LADERA HEIGHTS, Calif. (KABC) --A local activist has called into question the use of mental health experts during a deputy-involved shooting that left a man dead outside a gym in Ladera Heights on Tuesday.
Authorities said employees at a 24 Hour Fitness called police after they said a member harassed several people.
Deputies with the Los Angeles County Sheriff's Department responded and said the man left, but later returned two hours later and began acting erratically in the parking lot.
"At one point became aggressive with a deputy and that deputy attempted to tase him. The Taser had no effect," Lt. Joe Mendoza with the Los Angeles County Sheriff's Department said.
The man threatened deputies with an electronic device with a tethered cord on it, according to officials.
"He began to swing it over his head toward the deputies. He was tased again and it was ineffective," Mendoza stated.
A deputy fired at least one round, striking and killing the man. The man, who was in his 40s, has not yet been identified by authorities.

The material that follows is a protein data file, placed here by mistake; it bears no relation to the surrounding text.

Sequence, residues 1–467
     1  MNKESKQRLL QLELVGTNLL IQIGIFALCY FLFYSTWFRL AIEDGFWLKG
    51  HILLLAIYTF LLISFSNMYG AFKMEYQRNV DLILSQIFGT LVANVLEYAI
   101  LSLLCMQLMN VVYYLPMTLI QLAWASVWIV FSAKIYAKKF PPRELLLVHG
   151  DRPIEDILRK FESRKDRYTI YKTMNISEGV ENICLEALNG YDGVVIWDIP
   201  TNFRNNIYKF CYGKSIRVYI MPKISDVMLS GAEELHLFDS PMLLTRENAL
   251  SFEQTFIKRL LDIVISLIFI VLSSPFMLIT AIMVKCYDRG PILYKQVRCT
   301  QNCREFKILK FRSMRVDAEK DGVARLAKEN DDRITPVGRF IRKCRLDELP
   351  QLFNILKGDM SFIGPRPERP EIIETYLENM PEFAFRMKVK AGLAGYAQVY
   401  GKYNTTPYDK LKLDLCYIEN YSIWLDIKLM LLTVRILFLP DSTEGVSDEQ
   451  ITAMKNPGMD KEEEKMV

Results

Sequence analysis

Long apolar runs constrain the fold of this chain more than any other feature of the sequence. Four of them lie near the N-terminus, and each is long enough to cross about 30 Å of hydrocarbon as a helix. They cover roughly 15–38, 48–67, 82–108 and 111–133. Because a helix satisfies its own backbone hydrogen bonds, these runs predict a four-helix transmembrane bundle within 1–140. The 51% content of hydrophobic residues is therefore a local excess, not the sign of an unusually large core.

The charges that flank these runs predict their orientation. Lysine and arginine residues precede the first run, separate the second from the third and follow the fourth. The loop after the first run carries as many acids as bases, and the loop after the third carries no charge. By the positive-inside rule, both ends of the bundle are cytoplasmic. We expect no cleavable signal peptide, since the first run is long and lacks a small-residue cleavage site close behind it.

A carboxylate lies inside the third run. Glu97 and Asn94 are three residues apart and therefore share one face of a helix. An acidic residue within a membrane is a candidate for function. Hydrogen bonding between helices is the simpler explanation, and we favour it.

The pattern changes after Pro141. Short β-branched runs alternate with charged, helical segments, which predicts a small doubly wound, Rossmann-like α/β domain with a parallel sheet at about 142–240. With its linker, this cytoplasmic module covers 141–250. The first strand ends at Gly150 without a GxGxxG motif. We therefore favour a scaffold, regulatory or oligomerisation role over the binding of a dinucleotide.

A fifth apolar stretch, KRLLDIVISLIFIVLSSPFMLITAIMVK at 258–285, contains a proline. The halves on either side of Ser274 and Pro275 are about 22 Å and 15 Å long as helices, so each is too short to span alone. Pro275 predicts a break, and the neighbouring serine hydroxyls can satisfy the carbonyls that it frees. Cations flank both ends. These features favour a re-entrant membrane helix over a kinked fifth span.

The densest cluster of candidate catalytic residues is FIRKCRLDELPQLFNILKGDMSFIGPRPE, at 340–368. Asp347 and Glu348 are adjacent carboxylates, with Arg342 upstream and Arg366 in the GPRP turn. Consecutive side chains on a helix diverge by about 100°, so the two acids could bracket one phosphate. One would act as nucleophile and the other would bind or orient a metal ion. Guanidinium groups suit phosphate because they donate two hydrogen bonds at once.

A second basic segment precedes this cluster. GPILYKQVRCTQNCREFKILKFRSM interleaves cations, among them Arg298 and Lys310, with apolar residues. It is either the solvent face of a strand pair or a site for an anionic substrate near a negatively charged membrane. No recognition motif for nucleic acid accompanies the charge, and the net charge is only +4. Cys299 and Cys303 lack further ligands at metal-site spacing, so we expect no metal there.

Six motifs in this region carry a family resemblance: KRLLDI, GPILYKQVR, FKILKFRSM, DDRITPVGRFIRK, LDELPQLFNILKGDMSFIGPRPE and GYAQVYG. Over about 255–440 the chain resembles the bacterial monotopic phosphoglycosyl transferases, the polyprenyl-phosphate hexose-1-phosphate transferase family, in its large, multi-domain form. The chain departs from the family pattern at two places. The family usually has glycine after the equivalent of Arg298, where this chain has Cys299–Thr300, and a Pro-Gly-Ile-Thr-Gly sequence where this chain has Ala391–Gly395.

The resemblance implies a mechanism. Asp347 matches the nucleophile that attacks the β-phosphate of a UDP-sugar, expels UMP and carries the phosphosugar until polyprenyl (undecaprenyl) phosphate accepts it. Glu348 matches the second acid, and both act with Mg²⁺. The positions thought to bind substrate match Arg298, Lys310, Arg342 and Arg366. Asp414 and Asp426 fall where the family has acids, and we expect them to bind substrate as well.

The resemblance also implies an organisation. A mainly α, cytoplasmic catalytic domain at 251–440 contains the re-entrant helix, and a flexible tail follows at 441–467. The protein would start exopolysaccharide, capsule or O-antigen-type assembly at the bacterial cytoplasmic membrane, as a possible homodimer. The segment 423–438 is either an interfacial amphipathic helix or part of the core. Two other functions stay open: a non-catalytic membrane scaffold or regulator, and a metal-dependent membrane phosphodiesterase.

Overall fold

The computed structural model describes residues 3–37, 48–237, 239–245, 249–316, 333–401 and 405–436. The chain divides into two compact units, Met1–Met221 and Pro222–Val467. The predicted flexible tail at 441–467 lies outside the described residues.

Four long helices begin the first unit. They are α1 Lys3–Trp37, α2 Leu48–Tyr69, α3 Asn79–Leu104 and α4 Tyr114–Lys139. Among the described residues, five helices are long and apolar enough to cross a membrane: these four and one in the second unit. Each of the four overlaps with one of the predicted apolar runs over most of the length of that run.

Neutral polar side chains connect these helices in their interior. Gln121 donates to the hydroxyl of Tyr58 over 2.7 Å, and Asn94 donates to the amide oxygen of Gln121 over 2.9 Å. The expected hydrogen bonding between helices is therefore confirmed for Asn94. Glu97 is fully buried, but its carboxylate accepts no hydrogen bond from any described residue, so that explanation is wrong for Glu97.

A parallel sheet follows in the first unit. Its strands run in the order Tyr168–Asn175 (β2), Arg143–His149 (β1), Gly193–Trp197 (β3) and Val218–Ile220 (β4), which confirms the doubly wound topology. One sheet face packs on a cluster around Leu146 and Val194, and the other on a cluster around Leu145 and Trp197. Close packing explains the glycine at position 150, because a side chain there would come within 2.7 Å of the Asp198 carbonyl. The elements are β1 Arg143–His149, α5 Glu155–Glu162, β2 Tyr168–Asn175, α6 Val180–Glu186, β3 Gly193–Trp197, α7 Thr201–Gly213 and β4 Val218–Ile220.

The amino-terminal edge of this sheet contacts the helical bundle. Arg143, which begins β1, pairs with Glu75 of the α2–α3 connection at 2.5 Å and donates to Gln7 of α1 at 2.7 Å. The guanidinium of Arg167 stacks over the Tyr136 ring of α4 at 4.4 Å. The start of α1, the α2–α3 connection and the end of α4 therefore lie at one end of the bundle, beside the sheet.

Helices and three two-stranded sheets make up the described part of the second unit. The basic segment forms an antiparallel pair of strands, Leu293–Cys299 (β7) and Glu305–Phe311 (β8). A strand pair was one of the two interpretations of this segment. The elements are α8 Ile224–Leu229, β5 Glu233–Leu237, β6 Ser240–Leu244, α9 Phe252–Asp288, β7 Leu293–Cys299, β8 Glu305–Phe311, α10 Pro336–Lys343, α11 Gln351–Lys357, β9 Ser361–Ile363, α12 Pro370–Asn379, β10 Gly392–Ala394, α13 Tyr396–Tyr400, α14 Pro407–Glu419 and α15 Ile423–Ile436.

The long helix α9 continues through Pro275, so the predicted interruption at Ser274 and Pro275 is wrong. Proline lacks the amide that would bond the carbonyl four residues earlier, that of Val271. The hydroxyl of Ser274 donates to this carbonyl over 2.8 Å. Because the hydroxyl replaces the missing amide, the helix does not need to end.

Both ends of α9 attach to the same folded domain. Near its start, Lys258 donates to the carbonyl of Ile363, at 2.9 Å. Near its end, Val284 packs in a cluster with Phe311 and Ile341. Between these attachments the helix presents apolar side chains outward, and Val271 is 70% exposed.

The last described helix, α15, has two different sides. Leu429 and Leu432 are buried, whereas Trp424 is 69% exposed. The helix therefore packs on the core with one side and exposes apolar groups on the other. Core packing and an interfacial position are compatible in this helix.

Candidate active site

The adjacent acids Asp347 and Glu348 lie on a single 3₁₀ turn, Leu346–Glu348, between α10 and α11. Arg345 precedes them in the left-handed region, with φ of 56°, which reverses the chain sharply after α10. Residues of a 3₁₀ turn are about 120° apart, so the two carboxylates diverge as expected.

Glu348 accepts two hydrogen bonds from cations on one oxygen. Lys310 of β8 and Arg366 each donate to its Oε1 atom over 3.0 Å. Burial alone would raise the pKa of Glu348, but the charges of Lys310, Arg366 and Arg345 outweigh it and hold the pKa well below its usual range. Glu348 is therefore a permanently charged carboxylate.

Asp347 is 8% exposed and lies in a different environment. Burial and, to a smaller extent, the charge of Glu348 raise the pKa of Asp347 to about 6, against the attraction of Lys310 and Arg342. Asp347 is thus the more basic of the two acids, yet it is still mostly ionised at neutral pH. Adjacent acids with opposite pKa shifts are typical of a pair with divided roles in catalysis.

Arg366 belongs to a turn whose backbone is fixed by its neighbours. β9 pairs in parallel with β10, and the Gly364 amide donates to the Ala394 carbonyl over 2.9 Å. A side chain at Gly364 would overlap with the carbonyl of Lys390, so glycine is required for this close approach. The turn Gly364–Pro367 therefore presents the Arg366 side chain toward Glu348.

Earl Ofari Hutchinson, the president of the Los Angeles Urban Policy Roundtable, said the death could have been prevented.
"In this case there's strong evidence that if you had a mentally trained health professional there it may have been preventable," Hutchinson said.
The sheriff's department has mental health evaluation teams that pair a deputy with a licensed mental health professional during a psychiatric crisis. It recently double the number of those teams to 10 and hopes to expand to 23.
Hutchinson said he wants to make sure those teams are being deployed when necessary.
"You have to have them on the scene," Hutchinson said. "When you do that the goal is to prevent the loss of life."
The sheriff's department released the following statement to Eyewitness:
"Deputies on scene called the Mental Evaluation Team once the suspect became uncooperative. On any given day, there are approximately two MET teams available to cover more than 4,000 square miles of Los Angeles County. Prior to the call to MDR (Marina del Rey), one MET team was responding in the Antelope Valley. The second team MET team was called to a different location, 15 miles away from MDR. It is estimated that the number of MET teams would have to more than triple in order to meet the number of calls for service that involve individuals suffering from mental illness."